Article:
While Malaysia has a hot climate, it offers a range of locations, from oceanfront cities like Penang to cool hill stations like the Cameron Highlands. And costs are low: IL reports that a couple can live there for as little as $1,000 a month. English is widely spoken, and there’s a tantalizing mix of cuisines, from Chinese to Indian to fragrant Malay dishes filled with exotic fruit and veggies.
And despite what you might think, Malaysia is a modern country, with good roads and infrastructure: the capital city, Kuala Lumpur, has a brilliant monorail system that goes directly to its modern airport. Many doctors are trained in the U.S. or U.K., and you can see a specialist for $11 — without waiting! Residency requirements are stiffer than in Latin America, but the rules are a bit easier for retirees.
4: Costa Rica Long a haunt of nature and beach lovers, Costa Rica has come down in the rankings a bit since it’s become more expensive than some other parts of Latin America. But it’s still a great place to retire, whether you want to live in a beach town or a highland home with a view of the rainforest and coffee plantations.
Living costs are more expensive than in Ecuador, but IL says a couple can still live on less than $2,000 a month. And the country has a good health system: for $50 to $150 a month, you get free access to the national health system, and private insurance is also available. As well, Costa Rica has long had one of the most enlightened governments in the region, with good public services and no political strife.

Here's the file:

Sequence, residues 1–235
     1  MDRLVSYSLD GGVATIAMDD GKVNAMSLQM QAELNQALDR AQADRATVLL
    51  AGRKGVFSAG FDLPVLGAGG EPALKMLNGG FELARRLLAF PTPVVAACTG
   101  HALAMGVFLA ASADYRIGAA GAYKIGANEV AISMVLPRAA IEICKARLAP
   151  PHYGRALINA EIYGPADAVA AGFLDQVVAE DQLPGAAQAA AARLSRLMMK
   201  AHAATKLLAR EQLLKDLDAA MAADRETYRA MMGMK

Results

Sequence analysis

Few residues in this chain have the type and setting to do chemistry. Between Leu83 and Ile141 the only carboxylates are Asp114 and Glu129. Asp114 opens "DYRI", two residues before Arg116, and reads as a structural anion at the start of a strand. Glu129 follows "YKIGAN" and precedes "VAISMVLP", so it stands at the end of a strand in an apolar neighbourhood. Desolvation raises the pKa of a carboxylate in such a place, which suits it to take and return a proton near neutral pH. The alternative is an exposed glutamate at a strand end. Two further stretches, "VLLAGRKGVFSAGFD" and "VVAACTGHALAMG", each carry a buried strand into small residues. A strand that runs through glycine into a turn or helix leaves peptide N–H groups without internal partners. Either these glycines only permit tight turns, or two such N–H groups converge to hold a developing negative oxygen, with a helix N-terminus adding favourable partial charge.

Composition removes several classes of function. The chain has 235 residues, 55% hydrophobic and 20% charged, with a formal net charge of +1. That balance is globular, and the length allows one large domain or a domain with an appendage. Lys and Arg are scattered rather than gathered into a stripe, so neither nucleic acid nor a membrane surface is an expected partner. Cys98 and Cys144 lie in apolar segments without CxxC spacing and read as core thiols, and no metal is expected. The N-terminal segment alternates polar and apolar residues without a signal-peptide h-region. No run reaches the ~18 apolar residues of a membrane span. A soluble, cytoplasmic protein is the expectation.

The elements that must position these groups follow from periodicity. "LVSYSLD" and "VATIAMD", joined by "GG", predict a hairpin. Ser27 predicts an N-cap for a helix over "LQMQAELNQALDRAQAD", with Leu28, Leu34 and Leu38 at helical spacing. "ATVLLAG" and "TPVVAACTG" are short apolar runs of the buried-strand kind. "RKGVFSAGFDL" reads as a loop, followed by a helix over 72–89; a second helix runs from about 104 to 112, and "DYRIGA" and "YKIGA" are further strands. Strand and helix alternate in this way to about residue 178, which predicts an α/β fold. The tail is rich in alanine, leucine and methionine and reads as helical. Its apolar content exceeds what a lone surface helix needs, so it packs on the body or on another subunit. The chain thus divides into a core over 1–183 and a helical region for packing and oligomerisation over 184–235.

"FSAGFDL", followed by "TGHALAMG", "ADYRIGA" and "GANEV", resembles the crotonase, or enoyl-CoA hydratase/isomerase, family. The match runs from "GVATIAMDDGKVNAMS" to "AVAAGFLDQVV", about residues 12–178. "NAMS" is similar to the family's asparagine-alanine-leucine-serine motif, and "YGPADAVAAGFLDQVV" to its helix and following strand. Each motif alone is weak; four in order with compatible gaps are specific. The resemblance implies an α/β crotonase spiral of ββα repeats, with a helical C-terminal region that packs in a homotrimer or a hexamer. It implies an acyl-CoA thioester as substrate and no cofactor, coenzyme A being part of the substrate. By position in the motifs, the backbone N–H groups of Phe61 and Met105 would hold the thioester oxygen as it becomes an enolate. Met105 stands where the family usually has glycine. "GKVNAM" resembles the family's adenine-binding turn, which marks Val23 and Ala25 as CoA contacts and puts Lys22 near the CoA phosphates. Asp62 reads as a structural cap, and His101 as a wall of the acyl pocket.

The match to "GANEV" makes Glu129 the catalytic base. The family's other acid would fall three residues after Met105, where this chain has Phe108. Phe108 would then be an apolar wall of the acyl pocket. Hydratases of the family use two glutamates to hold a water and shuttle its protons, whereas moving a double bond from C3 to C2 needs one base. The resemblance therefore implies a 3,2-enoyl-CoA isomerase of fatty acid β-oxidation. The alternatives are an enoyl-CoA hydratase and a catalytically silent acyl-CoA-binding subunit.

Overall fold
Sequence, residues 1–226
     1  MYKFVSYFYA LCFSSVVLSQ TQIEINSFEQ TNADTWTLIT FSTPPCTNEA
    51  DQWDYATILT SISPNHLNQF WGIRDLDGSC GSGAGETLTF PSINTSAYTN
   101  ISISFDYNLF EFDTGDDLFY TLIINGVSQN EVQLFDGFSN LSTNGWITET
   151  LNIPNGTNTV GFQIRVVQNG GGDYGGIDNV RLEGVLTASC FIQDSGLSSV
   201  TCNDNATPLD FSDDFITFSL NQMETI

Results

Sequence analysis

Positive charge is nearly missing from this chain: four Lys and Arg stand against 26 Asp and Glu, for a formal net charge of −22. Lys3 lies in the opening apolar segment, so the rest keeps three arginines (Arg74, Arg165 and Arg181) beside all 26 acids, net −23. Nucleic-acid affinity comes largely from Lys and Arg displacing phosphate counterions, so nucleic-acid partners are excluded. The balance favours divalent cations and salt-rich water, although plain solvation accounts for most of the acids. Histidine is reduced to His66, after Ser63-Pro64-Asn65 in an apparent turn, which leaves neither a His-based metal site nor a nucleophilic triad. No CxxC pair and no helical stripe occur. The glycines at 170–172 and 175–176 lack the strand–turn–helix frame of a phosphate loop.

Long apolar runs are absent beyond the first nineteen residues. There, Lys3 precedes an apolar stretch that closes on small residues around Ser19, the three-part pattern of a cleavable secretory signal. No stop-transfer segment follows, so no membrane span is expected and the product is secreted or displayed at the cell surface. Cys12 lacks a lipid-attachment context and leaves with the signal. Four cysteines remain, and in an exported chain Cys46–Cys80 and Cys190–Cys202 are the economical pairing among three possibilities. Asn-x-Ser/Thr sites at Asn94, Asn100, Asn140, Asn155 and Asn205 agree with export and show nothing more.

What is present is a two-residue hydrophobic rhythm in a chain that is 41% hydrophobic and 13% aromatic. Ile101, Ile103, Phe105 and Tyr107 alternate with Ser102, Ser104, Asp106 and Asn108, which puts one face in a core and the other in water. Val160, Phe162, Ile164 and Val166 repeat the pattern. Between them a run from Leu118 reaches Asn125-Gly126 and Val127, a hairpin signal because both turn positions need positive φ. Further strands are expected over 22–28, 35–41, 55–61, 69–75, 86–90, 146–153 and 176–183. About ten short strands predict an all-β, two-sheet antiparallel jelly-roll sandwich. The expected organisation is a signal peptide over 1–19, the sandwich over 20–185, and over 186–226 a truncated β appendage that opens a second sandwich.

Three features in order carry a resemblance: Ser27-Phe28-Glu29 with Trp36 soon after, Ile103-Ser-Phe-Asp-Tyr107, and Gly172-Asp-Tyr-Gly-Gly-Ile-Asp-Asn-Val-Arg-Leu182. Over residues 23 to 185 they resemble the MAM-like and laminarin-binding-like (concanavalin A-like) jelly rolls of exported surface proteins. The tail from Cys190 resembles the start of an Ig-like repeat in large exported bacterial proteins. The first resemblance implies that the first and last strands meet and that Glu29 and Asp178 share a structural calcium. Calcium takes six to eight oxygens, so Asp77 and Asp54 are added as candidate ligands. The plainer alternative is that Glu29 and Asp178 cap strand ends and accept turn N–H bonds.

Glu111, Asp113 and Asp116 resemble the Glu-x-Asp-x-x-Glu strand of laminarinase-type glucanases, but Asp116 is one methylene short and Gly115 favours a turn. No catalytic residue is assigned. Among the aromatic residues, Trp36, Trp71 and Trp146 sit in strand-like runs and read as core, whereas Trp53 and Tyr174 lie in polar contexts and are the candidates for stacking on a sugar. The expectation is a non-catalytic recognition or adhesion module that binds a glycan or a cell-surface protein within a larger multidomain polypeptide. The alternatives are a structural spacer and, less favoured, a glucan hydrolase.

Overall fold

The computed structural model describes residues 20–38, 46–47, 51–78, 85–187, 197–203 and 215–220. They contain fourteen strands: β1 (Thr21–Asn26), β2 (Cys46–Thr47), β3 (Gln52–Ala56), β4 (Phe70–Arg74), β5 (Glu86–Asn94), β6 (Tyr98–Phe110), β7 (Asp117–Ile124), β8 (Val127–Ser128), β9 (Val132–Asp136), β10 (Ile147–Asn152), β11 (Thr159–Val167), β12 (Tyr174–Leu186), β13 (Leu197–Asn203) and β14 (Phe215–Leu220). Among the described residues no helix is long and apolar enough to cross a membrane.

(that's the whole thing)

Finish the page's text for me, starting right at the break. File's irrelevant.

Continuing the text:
Residency requirements are easy: just one spouse must have a pension income of $1,000 a month or more. After that, just settle back and enjoy the easy living — or as the Ticos say, Pura Vida.
5: Spain It’s the only European country to make the top five, and Spain is there for one reason: after the recent deep recession, IL calls it “the best bargain in Europe.” And it still comes with Europe’s famous culture and amenities.
Prices in Spain these days are comparable to parts of Latin America. Buy a condo for $150,000 or less, rent an apartment for $550 a month. Fresh fruit and veggies are cheap and plentiful, and you can buy local wine and olive oil at bargain prices straight from the producers. Meat is more expensive than in North America, but after all, how much will you need?
More importantly, you get First World infrastructure, from good roads to cheap WiFi, and Spain is well located for visits to much of Europe and even North Africa. Add the mild weather and the delicious food, and you might be content here for a long time.
Colombia, Mexico, Malta, Uruguay and Thailand round out International Living’s top 10 places to retire. At least two of them are surprise finishers, but the list raises a good point: don’t dismiss a country due to your preconceptions. Many of these places have changed significantly in the past 10 years.
Of course, there’s more to retiring abroad than finding a place with low costs and good services. You have to like the country, its culture and its people, not to mention the weather: if you hate the heat, moving to a hot country likely won’t make you happy.
Experts advise living in a country for at least six months before committing to a life there. Even then, there’s always an adjustment period as you get used to a new way of life, with its own quirks and oddities. And while it’s easy to stay in touch with family these days, you’ll still be far apart.
But for those who do retire abroad, though, the rewards are well worth the effort, and life can be a daily adventure as well as a good financial deal. And when the northern winter rolls around, it’s a good bet you’ll have no regrets.